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Gujarat Riots: SIT Made No Sincere Attempts To Nab Culprits, Says Kapil Sibal in Zakia Jafri’s Plea

The senior advocate was making these arguments in the plea challenging the SIT's clean chit to 64 persons, including Narendra Modi.

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New Delhi: The Supreme Court on Wednesday heard Kapil Sibal, appearing for Zakia Jafri, said that the Special Investigation Team (SIT) investigating the Gulberg society massacre during the 2002 Gujarat riots did not question the accused, seize their phones and ignored evidence showing conspiracy and hate speech, and discarded sting reports which were used by in the Naroda Patya case.

Sibal was making these arguments in the plea filed by Zakia, the widow of Congress leader Ehsan Jafri who was killed in the Gulberg society massacre, challenging the SIT’s clean chit to 64 persons, including Narendra Modi who was the then Gujarat chief minister. The other petitioner in the case is Citizens for Justice and Peace, a human rights group led by activist Teesta Setalvad.

According to The Hindu, Sibal said the investigative body merely accepted the statements given by the “accused”.

“They did not record statements of witnesses. No phones were seized from the accused. No call record details were analysed. They never arrested anybody, never checked why documents were destroyed and why the police stood by doing nothing… They just accepted the statements of the accused… There should be an investigation,” Sibal said.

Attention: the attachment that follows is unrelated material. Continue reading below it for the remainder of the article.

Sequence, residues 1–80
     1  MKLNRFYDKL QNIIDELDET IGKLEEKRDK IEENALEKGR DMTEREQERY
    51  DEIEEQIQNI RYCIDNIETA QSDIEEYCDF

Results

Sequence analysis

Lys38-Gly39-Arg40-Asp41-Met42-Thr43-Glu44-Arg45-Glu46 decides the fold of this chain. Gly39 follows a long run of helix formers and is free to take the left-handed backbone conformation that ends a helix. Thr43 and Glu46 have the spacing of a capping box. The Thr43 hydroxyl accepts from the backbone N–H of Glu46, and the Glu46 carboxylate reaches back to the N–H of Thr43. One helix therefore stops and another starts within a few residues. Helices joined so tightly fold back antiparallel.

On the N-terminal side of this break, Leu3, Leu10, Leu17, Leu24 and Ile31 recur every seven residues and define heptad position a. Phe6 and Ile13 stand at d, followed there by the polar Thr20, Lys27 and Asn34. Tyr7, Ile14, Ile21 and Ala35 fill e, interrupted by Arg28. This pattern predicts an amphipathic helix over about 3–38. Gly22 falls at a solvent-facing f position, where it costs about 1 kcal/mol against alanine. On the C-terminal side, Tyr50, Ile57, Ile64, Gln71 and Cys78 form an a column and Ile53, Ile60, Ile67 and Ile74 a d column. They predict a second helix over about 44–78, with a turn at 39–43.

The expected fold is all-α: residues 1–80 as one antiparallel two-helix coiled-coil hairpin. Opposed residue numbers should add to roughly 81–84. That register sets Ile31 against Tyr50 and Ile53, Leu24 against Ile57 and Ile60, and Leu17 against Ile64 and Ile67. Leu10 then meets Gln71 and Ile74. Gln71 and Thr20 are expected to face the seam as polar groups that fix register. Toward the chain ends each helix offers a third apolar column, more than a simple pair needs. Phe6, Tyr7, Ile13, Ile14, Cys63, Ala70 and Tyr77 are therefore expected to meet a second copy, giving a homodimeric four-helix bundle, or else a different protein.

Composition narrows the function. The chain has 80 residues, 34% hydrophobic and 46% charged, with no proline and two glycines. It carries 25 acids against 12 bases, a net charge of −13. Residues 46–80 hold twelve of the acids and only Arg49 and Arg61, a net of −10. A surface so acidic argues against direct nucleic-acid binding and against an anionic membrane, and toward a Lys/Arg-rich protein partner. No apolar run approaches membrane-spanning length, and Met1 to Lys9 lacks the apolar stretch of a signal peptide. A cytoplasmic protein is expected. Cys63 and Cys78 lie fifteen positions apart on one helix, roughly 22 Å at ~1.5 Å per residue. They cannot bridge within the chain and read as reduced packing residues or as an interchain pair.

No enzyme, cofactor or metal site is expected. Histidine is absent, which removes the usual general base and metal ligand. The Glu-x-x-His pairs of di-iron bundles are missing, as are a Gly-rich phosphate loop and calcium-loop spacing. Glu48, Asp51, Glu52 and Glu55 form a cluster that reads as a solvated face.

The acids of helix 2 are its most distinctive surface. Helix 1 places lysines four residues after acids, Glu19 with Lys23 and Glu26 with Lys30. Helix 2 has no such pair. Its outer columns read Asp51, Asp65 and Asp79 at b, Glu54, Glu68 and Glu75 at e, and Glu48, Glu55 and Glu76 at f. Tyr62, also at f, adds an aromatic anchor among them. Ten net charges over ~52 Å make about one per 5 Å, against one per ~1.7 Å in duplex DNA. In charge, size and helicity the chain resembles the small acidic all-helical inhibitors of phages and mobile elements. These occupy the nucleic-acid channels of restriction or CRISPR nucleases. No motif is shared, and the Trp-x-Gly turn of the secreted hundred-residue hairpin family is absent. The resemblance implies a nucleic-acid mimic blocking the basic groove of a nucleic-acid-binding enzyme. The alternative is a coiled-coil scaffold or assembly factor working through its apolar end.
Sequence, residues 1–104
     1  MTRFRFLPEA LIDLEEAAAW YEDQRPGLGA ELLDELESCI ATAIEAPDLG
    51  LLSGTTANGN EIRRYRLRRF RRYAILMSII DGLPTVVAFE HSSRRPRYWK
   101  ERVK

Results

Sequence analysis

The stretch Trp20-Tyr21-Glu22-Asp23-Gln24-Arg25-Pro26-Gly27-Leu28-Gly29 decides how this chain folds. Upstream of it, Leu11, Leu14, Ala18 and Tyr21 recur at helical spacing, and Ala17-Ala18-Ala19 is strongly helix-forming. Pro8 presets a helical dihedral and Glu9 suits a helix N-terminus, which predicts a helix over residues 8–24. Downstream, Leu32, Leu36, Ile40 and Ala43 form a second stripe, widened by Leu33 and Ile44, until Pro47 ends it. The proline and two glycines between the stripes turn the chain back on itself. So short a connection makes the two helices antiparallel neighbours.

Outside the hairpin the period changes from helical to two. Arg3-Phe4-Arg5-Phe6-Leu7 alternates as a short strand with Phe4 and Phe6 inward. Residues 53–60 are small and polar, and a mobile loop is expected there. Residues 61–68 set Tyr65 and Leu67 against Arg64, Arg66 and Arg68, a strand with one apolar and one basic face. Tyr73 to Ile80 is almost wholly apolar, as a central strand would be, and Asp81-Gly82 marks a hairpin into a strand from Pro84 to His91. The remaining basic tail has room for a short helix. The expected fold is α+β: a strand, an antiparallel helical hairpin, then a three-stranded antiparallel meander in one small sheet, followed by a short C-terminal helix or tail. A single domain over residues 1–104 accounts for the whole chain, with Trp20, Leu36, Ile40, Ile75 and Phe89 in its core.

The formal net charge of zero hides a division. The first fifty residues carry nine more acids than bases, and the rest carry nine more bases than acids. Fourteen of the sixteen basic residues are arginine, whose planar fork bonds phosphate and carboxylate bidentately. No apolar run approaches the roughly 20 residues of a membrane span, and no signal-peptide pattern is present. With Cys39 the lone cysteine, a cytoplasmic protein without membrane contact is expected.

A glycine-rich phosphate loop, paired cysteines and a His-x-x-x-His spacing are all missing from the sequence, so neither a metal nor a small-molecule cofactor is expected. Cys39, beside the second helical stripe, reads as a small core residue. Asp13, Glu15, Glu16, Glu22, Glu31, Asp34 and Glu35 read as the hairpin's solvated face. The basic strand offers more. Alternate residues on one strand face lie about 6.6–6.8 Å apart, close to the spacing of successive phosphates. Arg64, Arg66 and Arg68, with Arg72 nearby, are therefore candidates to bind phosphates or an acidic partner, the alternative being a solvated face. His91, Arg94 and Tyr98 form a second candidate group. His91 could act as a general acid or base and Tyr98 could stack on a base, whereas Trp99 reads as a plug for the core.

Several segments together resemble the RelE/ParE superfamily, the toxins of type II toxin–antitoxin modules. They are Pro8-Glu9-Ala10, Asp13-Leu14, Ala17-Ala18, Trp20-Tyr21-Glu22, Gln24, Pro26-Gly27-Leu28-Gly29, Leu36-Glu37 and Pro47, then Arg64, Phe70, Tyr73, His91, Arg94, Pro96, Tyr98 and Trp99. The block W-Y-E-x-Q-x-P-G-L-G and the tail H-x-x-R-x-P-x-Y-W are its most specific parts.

Sibal began his arguments by stating that he would demonstrate, largely through official documents, that the SIT did not conduct any investigation, according to LiveLaw.

“The question is, has the SIT followed the procedure established by the law in dealing with the evidence which was before the SIT and which they completely disregarded and never investigated?” Sibal told the bench of Justices A.M. Khanwilkar, Dinesh Maheshwari and C.T. Ravikumar.

Earlier, the senior advocate said that communal violence is like “a lava erupting from a volcano which scars the ground it touches”.

“Communal violence is like lava erupting from a volcano and it’s an institutionalised problem. Whenever the lava touches a ground on earth it scars it and it becomes a fertile ground for future revenge,” he said, adding, “I lost my maternal parents to it in Pakistan. I am a victim of the same.”

The senior advocate said he is “not accusing A or B” but a message must be sent to the world that this is “unacceptable” and “cannot be tolerated”.

He said this is a “historic matter” because the choice is between ensuring that rule of law will prevail or letting people run amok.

“Deliberate loopholes were left in the investigation and there were no sincere attempts to nab the culprits. No investigator with a sense of justice will discard this evidence. No judge with a conscience will discard this evidence,” Sibal submitted towards the end of his arguments for the day, according to LiveLaw.

Ehsan Jafri, a former MP, was among the 68 people killed in the violence, a day after the S-6 Coach of the Sabarmati Express was burnt at Godhra killing 59 people.

On October 26, the apex court had said it would like to peruse the closure report of the SIT giving the clean chit to 64 persons and the justification given by the magisterial court while accepting it.

Sibal had earlier argued that Jafri’s complaint was that there was a larger conspiracy where there was bureaucratic inaction, police complicity, hate speeches and unleashing of violence”.